Thursday, August 07, 2014

Those who teach, learn.

One of my tasks as a teacher of gifted children is to not only teach my students content, but also teach them how to handle difficulties they face.  These students are in a unique position, because their intelligence allows them to understand problems and difficulties in life that they aren't emotionally ready to handle yet.  So even though they are quite smart, their intelligence makes them vulnerable to emotional manipulation by others. They also want so much to be liked and accepted by their peers, though it is rare that it happens for them, unless their peers are other gifted children.  That love and acceptance of themselves and their own identity is one of the biggest challenges I face as a GT teacher.  I have found, however, that teaching these things to my students has had an effect on me as well.  The teacher is learning, and possibly learning more than her students in this case.  

Lesson one:  Don't put my energy into things I can't control. 

This can be events or people.  Gifted children are notorious for taking on world problems or being upset about failed relationships.  One of the big items on our wall is the "Circle of Control."  It's a borrowed concept from Stephen Covey, but the gist is that the students should put most of their energy into things they can control.  This is huge for them.  A lot of their worries, and mine for that matter, are on people pleasing and wanting others to be OK with what they are doing.  As I digest this "control" concept, I find I personally care less and less about pleasing others.  I can't help, for instance, if someone wants to believe a falsehood about me (apparently I have brain-washing abilities) because it makes it easier for them to ignore the real issues they are facing. I can't help if there are people in the community who do not believe in gifted education.  It is a waste for me to worry about those things.  I can't tell  you how freeing that is.  At this point in my life, I am reaping the benefits of not allowing that manipulation to take place.  I have learned to just put my head down and get busy.  That busy-ness has turned into rewards, and the results are what I wanted in the first place!  Others appreciate someone who is genuine and not working an angle, and that approval has come in tidal waves.  I get teary-eyed just thinking about it.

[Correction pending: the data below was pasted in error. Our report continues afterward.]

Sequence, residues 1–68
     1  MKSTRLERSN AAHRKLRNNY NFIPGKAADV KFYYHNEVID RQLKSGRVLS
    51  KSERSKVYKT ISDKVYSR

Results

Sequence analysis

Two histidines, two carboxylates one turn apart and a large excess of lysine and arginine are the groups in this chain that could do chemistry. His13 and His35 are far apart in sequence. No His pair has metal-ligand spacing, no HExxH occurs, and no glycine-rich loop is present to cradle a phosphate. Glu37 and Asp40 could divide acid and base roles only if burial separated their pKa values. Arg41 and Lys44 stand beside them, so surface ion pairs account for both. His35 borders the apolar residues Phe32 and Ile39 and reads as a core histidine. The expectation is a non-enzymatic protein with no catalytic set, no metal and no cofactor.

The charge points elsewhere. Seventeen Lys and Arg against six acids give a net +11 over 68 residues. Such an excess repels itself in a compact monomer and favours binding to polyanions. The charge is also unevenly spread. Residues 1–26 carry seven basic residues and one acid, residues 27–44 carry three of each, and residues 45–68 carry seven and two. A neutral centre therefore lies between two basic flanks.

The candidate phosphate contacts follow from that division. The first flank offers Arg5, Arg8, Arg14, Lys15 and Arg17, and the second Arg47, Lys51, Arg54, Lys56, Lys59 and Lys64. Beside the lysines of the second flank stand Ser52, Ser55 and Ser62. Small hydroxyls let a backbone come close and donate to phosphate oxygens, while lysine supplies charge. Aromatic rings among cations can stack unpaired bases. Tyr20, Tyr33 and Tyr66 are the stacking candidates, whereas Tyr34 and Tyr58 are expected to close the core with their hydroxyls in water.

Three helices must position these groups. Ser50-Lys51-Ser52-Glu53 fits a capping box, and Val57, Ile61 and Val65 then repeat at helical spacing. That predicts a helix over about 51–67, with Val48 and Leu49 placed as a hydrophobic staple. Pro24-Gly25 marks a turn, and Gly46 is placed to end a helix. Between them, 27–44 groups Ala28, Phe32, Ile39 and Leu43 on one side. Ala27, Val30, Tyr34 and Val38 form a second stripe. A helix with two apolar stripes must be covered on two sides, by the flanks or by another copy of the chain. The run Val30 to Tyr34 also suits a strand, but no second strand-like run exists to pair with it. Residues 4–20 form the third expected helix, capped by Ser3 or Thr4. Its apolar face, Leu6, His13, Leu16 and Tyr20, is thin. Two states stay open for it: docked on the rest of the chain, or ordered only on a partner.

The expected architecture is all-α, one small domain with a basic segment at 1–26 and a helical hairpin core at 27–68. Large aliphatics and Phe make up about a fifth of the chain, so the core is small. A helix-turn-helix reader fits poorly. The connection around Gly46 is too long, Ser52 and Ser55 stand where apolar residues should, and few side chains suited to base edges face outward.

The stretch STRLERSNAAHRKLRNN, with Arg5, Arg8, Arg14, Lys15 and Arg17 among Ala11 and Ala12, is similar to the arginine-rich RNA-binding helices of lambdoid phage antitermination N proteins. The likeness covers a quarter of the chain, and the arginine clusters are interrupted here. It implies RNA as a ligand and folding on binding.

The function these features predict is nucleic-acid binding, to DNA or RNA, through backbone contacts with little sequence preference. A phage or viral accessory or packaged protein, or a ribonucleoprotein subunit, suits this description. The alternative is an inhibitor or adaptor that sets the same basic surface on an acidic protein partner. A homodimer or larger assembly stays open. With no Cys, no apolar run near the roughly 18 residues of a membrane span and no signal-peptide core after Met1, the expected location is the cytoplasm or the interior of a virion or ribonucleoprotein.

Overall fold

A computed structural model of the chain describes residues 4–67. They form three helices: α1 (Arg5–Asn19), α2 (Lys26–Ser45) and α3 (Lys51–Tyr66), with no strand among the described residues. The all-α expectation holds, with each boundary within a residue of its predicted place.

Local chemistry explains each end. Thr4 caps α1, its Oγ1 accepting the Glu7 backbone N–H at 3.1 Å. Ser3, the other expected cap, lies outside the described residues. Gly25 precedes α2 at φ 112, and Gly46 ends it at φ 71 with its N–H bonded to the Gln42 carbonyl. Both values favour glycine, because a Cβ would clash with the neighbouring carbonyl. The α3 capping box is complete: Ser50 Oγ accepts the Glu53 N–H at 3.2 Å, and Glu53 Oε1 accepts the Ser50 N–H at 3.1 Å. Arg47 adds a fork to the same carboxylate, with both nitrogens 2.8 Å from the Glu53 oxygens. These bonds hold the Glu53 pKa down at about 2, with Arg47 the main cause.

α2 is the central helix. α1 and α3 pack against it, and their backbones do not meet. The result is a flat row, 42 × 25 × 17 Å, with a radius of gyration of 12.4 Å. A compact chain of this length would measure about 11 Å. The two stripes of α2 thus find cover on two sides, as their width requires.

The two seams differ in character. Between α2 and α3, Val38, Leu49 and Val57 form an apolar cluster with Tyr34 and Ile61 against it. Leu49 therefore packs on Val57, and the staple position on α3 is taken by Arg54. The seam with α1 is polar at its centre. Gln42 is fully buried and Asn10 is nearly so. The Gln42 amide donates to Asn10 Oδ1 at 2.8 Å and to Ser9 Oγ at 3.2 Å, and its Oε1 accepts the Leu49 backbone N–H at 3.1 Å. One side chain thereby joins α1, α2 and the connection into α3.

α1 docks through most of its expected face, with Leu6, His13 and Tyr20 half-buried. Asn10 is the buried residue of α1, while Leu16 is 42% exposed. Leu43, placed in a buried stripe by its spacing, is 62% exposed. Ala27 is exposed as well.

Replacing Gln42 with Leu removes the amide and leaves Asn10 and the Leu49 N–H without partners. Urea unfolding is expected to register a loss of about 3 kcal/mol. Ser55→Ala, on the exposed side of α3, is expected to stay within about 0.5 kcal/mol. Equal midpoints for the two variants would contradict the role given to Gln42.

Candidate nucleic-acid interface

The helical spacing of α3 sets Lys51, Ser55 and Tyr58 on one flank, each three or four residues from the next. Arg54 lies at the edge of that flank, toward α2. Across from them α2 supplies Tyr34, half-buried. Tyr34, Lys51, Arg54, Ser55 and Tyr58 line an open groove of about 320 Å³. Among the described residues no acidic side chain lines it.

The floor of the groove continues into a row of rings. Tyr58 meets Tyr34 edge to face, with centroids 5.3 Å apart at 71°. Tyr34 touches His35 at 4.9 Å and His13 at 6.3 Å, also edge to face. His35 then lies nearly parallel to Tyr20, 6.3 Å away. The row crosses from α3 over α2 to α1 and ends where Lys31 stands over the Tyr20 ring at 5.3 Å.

Lesson number two:  Growth mindset